Voluntary People's Druzhina

Voluntary People's Druzhina

Voluntary People's Druzhina (Добровольная Народная Дружина, Д НД, Dobrovolnaya Narodnaya Druzhina, DND) variously translated as Voluntary People’s Guard, People’s Volunteer Squads, People's Volunteer Militia, etc. were voluntary detachments for maintaining public order in the Soviet Union similar to the Neighborhood Watch. People's Druzhinas still exist in the modern Russia, although not as a universal establishment of the former USSR.

History

People's Druzhinas in support of law enforcement were introduced in Russian Empire in 1913.

After the Russian Revolution of 1917 there were various forms of non-governmental workers and peanants' organizations, which were disbanded by early 1930s. Instead the Voluntary Society for Support of Militsiya (ОСОДМИЛ) was created. In 1932 it was subordinated to militsiya and renamed to "Militsiya Support Brigades". (БРИГАДМИЛ).

Soviet Union

The system of VPDs was introduced according to the joint resolution of the CPSU Central Committee and USSR Council of Ministers of March 2, 1959 On the Participation of the Workers in the Maintenance of Public Order, which formalized and widely propagated the 1958 Leningrad invention of the Voluntary People's Druzhina formally independent of militsiya. The druzhinas were not subordinated to militsiya and the management staff was established from various Soviet organizations: Soviets, trade unions, Komsomol, etc. The patrolling druzhinas themselves were often accompanied by police officers (militsioners), for general guidance and official support. Although druzhinas were informal, they could perform citizen arrests of various petty offenders: drunkards, hooligans, etc. Druzininniks were also used to support militsiya in performing non-dangerous arrests and other law enforcement duties.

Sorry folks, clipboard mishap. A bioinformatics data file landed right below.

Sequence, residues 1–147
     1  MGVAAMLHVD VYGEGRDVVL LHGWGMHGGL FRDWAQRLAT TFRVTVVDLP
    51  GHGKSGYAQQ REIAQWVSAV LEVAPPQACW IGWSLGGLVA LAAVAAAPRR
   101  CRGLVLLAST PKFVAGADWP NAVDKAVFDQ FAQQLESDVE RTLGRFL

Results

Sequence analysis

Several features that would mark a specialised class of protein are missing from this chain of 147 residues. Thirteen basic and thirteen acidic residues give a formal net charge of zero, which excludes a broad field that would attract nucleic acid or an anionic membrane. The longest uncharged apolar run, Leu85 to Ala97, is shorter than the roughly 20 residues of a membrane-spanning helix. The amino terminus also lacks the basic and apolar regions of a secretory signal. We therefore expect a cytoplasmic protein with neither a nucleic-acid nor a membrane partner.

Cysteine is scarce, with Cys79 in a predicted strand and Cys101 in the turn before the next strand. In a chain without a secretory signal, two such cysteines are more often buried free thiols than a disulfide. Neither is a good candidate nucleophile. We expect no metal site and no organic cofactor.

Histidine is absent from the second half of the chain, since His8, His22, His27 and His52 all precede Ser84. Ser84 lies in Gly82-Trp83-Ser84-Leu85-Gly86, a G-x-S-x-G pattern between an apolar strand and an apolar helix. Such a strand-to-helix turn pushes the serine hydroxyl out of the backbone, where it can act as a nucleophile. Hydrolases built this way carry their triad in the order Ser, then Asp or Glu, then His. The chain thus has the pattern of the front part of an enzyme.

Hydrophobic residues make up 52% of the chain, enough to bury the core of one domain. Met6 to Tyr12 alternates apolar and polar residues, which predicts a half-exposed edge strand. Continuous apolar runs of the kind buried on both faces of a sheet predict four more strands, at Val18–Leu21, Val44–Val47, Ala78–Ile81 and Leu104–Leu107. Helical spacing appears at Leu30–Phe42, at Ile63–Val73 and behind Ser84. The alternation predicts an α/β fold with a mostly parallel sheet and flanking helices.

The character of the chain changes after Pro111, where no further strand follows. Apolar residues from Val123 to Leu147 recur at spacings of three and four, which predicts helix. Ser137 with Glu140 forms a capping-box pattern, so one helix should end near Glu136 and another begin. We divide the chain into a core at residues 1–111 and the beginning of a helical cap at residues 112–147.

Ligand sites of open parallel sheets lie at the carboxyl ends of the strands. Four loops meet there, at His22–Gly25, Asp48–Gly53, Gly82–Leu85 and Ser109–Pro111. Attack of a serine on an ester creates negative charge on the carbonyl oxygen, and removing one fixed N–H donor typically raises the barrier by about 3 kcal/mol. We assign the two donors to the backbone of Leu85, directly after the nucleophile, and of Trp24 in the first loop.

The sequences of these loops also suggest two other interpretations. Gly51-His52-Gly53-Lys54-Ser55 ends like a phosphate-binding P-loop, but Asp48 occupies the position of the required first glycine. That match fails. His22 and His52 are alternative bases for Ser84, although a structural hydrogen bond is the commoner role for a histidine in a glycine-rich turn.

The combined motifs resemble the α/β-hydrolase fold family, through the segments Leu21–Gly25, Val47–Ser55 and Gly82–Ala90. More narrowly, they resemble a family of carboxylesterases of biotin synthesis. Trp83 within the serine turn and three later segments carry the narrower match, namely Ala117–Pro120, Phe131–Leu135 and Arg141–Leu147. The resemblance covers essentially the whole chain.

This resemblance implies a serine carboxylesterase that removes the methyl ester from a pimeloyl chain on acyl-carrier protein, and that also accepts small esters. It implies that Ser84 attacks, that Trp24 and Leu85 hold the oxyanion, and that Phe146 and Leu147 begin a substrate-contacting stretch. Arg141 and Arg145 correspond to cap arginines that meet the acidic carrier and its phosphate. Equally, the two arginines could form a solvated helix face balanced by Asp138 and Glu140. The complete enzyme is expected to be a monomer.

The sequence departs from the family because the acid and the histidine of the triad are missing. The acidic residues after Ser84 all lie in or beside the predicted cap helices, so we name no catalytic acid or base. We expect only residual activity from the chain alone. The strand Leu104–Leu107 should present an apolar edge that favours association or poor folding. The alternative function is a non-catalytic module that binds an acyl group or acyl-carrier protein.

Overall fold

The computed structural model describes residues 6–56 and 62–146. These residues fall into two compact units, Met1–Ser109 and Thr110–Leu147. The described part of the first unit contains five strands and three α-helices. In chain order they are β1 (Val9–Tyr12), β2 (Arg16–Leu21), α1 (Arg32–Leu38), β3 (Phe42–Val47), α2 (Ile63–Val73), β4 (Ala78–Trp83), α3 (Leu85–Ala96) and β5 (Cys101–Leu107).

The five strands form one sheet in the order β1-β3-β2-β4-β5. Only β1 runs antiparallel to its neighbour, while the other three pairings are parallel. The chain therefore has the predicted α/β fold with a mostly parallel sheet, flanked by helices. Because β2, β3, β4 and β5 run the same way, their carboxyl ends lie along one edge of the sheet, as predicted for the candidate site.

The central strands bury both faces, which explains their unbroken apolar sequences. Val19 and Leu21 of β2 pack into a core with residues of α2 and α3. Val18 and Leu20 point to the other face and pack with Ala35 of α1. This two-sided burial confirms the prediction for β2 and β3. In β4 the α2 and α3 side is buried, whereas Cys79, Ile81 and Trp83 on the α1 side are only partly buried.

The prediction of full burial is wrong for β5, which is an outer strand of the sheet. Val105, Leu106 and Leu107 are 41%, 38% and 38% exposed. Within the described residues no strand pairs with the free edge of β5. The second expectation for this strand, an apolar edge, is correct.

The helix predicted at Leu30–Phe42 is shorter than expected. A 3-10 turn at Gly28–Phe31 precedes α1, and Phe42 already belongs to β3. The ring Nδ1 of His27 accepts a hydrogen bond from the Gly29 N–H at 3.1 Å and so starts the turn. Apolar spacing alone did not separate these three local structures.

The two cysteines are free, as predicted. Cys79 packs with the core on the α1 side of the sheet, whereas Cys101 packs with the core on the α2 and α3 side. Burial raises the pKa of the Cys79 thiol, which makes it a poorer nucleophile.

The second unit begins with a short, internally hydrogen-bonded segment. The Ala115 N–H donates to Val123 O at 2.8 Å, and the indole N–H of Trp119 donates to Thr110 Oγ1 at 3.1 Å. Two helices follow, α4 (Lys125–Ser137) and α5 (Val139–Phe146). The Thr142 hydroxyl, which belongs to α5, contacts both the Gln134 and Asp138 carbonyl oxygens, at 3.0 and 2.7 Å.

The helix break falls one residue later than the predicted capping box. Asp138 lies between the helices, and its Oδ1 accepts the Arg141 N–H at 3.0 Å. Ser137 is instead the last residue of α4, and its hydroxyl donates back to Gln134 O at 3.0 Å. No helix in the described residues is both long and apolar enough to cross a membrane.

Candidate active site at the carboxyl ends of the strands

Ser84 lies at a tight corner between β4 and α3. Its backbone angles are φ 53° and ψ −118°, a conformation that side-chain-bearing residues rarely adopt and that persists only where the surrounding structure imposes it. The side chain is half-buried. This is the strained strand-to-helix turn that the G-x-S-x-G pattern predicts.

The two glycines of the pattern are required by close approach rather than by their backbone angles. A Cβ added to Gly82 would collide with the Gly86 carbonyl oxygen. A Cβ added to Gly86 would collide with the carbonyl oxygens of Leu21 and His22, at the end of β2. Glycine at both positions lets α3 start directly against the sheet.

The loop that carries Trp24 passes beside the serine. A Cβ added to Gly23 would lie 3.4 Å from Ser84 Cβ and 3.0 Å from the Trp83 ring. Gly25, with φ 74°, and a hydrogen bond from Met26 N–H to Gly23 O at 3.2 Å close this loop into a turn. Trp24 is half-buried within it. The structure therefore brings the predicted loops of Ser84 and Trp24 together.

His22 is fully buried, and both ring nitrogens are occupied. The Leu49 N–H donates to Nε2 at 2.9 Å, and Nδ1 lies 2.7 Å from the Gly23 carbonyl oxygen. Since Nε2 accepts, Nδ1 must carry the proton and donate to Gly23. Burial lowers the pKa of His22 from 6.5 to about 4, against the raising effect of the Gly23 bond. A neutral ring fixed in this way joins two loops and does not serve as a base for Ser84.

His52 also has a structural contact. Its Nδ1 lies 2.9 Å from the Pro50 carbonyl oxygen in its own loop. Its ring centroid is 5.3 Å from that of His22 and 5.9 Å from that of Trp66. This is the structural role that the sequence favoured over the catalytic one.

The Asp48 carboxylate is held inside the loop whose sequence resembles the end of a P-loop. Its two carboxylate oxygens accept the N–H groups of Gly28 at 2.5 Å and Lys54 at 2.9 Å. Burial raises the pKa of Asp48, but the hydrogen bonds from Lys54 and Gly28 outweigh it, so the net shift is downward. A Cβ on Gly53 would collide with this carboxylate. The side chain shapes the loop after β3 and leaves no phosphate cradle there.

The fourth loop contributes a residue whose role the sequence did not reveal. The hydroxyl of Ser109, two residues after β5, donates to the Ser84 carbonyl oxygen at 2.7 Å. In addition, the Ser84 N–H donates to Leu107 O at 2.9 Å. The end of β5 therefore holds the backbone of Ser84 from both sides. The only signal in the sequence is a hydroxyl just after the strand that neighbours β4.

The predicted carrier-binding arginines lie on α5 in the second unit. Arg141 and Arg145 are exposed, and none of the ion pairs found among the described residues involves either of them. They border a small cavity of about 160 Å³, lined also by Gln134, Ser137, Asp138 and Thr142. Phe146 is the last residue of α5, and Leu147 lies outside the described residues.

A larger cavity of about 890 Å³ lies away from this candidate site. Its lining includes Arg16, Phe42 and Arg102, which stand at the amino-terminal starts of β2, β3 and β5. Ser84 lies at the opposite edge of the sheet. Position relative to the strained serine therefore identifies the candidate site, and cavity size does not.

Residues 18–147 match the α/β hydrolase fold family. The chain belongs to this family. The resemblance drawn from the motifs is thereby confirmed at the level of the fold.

The 1974 USSR Supreme Soviet Presidium Ukase "About the Main Duties and Rights of Voluntary People's Drushina in Guarding the Public Order" governed the druzhinas until the dissolution of the Soviet Union.

Druzhinas mostly operated in urban neighborhoods. Druzhinniks were distinguished by red armbands with the text Д НД on them. While it was called "voluntary", this adjective must be taken cum grano salis, bearing in mind the political system of the Soviet Union. Like with other numerous "volunteer" Soviet organizations, patrolling in druzhina was a regular duty for certain categories of workers and students.

Russia

Attempts to reestablish public law enforcement organizations in Russia started as early as in 1992. Currently there is active Narodnaya Druzhina organization in Moscow.

See also

  • See Druzhina article for etymology and usage of the term.

References

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